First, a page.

Anchorage Continuum of Care

A Continuum of Care (CoC) is a regional or local planning body that coordinates housing and services funding for homeless families and individuals. CoCs represent communities of all kinds, including major cities, suburbs and rural areas.

In 1995, the US Department of Housing and Urban Development (HUD) began to require communities to submit a single application for McKinney-Vento Homeless Assistance Grants in order to streamline the funding application process, encourage coordination of housing and service providers on a local level, and promote the development of CoCs. By requiring communities to submit a single application, HUD hoped to encourage a more structural and strategic approach to both housing and providing services to homeless people. A CoC would provide this more strategic system by providing homeless people with housing and services appropriate to their range of needs.

According to HUD, a CoC is “a community plan to organize and deliver housing and services to meet the specific needs of people who are homeless as they move to stable housing and maximize self-sufficiency. It includes action steps to end homelessness and prevent a return to homelessness.” HUD identifies four necessary parts of a continuum:

  • Outreach, intake, and assessment in order to identify service and housing needs and provide a link to the appropriate level of both;
  • Emergency shelter to provide an immediate and safe alternative to sleeping on the streets, especially for homeless families with children;
  • Transitional housing with supportive services to allow for the development of skills that will be needed once permanently housed; and
  • Permanent and permanent supportive housing to provide individuals and families with an affordable place to live with services if needed.

For more information regarding the CoC process, please visit the HUD website.

The concept of a “Continuum of Care” seeks to address all aspects of homelessness including the needs of all of the homeless sub-populations, and uses a collaborative approach resulting in a set of goals that are shared by a broad range of participants in the community. A fully developed Continuum of Care system includes five fundamental components: outreach and assessment; emergency shelter; transitional housing; permanent housing; and supportive services, including homeless prevention activities.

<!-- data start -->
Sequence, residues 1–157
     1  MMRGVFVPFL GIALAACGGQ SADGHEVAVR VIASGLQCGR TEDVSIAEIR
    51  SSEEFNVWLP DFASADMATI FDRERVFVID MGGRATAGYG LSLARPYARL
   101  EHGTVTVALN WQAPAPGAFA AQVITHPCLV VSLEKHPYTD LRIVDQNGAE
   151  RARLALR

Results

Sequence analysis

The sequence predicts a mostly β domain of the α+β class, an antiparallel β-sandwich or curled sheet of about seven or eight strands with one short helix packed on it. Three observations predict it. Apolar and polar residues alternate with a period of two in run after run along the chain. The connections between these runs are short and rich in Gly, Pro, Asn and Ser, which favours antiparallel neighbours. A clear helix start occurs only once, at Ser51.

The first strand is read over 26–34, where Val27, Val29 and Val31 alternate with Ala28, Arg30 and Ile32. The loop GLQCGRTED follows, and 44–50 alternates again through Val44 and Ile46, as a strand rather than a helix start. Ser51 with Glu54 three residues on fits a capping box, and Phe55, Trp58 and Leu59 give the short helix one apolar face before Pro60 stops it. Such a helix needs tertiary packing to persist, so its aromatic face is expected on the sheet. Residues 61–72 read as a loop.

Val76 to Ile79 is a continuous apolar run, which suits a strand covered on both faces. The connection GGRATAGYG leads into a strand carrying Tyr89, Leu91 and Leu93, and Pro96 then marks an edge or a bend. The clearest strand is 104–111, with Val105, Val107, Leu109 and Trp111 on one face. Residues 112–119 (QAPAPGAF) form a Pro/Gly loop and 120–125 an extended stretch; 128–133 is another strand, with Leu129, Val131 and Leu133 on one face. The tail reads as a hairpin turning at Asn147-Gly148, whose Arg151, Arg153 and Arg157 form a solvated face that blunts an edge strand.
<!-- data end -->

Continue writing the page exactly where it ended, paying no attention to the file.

An effective Continuum of Care plan includes strategies to serve the specific needs of all the homeless subpopulations within the community and ensures that financial and other resources are used in a coordinated effort to provide the fill range of housing and service options needed to enable homeless persons to make the transition from the streets to stable work and environments and to achieve as high a level of self-sufficiency as possible.

CoC Competitions and NOFA Process

In Alaska, there are two CoC’s, Anchorage (AK-500) and Balance of State (AK-501). Details on the Alaska CoC application process can be found at the Alaska Coalition on Housing & Homelessness website.

ACEH is the lead applicant for Anchorage CoC.  ACEH has created a CoC Committee to oversee the requirements of the program.  This committee meets the second Monday of every month from 1:00pm to 2:30pm at the Philanthropy Hub (3201 C Street, Suite 110). Due to the Labor Day Holiday, the meeting scheduled for September 5 has been moved to Thursday, September 8 at 1 pm at NeighborWorks Alaska, 2515 A Street.

Please check the “What’s New” page on the ACEH website for updated details on the FY2016 Continuum of Care process, including the NOFA, Project Application Form, and Timeline.

The Anchorage Continuum of Care Policies and Procedures are available for download here: Anchorage Continuum of Care Policies and Procedures

Please click here to view the 2016 CoC ranking notification letter and spreadsheetAnchorage Ranking Notification

The Collaborative Application and Project Priority Listing are available for review here: Collaborative Application, and Project Priority Listings